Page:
A Year After Being Chased By Border Patrol, Haitian Migrants Are Still Traumatized

6 days ago

Samuel remembers the scorching heat against his skin and the cries of his two young children, who were tired, hungry and sick.

They were in Del Rio, Texas, after a grueling two-month journey from Chile that took them through several countries, including Ecuador, Colombia, Panama, Costa Rica, Honduras, Guatemala and Mexico.

At the southern U.S. border, Samuel remembers seeing people passed out on the ground as well as pregnant women and babies who had made similar journeys and were stuck in the same precarious situation as he and his family.

His children, who were 8 and 1 at the time, were vomiting and had diarrhea. He thought they would die of hunger if he couldn’t find food quickly.

“In my culture, as a man you’re not supposed to cry. You’re supposed to be the strong one. My children were crying. My wife was crying. I didn’t know what to do,” Samuel told HuffPost via an interpreter.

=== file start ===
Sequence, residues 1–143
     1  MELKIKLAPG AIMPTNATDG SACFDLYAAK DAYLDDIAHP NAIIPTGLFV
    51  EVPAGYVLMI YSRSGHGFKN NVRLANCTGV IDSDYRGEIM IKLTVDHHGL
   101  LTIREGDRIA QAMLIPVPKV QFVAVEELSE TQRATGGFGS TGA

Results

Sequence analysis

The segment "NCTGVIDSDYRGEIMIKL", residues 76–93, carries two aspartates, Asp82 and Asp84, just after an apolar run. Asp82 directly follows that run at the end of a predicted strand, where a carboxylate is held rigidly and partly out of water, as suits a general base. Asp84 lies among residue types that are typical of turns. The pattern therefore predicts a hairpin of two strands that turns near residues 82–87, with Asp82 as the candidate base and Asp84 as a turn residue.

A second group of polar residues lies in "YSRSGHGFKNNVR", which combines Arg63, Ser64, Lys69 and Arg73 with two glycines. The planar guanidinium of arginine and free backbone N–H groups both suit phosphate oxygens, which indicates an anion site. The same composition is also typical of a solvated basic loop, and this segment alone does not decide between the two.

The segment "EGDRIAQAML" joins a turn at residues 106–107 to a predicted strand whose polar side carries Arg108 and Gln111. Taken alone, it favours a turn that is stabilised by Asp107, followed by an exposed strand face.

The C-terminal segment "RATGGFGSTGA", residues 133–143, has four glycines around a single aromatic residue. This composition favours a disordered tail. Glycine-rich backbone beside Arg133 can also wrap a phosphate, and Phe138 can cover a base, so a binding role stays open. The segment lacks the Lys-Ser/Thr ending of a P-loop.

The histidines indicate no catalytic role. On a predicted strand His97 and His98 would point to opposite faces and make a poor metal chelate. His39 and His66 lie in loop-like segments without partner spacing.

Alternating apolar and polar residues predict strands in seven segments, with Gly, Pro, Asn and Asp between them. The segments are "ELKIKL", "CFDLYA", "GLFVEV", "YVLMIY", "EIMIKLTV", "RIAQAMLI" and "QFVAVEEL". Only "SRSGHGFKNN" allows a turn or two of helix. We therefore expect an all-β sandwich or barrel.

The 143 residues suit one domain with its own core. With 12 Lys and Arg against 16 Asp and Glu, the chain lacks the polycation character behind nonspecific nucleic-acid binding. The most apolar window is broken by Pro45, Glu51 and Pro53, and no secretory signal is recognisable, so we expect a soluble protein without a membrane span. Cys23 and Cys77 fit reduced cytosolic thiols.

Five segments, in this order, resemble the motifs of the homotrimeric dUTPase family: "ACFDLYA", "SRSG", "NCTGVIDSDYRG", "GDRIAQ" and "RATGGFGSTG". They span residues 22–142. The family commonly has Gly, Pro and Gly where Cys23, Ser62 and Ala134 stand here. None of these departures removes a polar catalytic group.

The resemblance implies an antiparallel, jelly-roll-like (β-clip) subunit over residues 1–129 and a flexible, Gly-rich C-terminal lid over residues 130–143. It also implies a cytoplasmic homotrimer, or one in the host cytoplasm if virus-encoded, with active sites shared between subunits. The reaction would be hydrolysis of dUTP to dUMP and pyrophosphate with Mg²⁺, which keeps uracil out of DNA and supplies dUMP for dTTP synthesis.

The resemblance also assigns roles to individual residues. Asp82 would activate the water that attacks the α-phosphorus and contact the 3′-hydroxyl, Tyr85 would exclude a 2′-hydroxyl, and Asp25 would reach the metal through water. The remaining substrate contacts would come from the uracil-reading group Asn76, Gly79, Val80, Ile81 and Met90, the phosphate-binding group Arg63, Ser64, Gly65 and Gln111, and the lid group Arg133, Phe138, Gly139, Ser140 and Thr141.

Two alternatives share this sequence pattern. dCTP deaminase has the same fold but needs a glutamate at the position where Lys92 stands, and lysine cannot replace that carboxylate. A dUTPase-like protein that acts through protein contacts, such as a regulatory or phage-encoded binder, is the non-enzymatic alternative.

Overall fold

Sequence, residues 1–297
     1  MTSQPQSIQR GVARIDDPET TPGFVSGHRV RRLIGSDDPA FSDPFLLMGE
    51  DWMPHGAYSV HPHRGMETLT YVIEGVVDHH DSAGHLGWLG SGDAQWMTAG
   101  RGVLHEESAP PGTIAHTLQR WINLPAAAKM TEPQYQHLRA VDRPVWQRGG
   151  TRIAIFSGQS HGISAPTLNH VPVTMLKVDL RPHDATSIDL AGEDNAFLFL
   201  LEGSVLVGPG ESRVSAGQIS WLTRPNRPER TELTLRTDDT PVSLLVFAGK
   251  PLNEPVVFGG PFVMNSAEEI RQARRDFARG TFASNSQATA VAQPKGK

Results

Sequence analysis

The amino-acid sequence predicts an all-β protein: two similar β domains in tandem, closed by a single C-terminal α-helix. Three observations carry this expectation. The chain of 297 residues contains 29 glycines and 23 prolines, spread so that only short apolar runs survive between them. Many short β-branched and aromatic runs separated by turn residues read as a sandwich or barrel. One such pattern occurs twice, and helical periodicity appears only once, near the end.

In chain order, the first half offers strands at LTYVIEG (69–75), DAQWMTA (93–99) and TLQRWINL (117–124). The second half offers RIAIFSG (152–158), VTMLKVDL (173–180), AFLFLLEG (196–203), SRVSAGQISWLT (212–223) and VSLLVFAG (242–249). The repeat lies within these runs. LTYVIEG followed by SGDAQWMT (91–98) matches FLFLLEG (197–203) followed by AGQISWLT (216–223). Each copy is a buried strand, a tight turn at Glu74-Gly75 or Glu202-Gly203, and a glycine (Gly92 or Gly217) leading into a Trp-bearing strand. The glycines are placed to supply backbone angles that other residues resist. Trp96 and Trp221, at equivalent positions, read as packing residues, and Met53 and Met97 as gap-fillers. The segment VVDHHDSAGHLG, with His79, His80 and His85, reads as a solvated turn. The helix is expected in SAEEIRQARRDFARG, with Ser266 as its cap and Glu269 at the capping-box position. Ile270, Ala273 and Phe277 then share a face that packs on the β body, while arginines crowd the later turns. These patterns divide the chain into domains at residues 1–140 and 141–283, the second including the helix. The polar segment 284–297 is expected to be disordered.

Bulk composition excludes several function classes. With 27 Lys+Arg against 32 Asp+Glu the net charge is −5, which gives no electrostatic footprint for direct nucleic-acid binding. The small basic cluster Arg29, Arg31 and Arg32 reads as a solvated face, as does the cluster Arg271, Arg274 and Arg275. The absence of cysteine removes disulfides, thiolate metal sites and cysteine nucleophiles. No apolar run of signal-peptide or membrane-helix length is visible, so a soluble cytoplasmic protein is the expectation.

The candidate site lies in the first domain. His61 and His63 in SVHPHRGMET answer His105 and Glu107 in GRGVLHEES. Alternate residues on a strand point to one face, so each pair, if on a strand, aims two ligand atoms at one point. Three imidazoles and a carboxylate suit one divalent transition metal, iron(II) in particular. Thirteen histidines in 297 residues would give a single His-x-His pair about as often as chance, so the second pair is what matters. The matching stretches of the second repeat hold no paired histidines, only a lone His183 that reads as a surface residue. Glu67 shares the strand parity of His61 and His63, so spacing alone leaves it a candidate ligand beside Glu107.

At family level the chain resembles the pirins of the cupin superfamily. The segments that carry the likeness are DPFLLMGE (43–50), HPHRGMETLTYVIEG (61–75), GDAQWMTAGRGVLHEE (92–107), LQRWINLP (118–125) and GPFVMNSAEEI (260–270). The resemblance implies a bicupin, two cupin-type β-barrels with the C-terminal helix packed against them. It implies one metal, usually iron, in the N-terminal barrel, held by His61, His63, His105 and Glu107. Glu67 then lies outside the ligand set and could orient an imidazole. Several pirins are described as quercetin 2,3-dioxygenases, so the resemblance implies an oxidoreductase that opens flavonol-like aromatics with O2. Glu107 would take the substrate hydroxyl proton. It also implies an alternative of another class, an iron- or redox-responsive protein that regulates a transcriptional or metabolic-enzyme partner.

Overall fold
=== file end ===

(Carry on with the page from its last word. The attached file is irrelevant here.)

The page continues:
Samuel, who is being referred to by a pseudonym due to his work in Haitian politics and because he is seeking asylum in the U.S., decided to take his son to a river, where he had heard that local organizations were passing out food. On his way there, he suddenly saw scores of people running in his direction, being chased by Americans.

His son began screaming and tried to run away. In his panic, the young boy fell and injured his eye before Samuel could scoop him up. It has been a year, and Samuel said his son still hasn’t been able to recover, physically and emotionally, from the incident.

In September 2021, U.S. Border Patrol agents on horseback chased tens of thousands of Haitian migrants and asylum seekers as they crossed the Rio Grande from Ciudad Acuña, Mexico, into Del Rio. Photos and videos of the incident went viral, particularly one photo showing a Border Patrol officer on horseback

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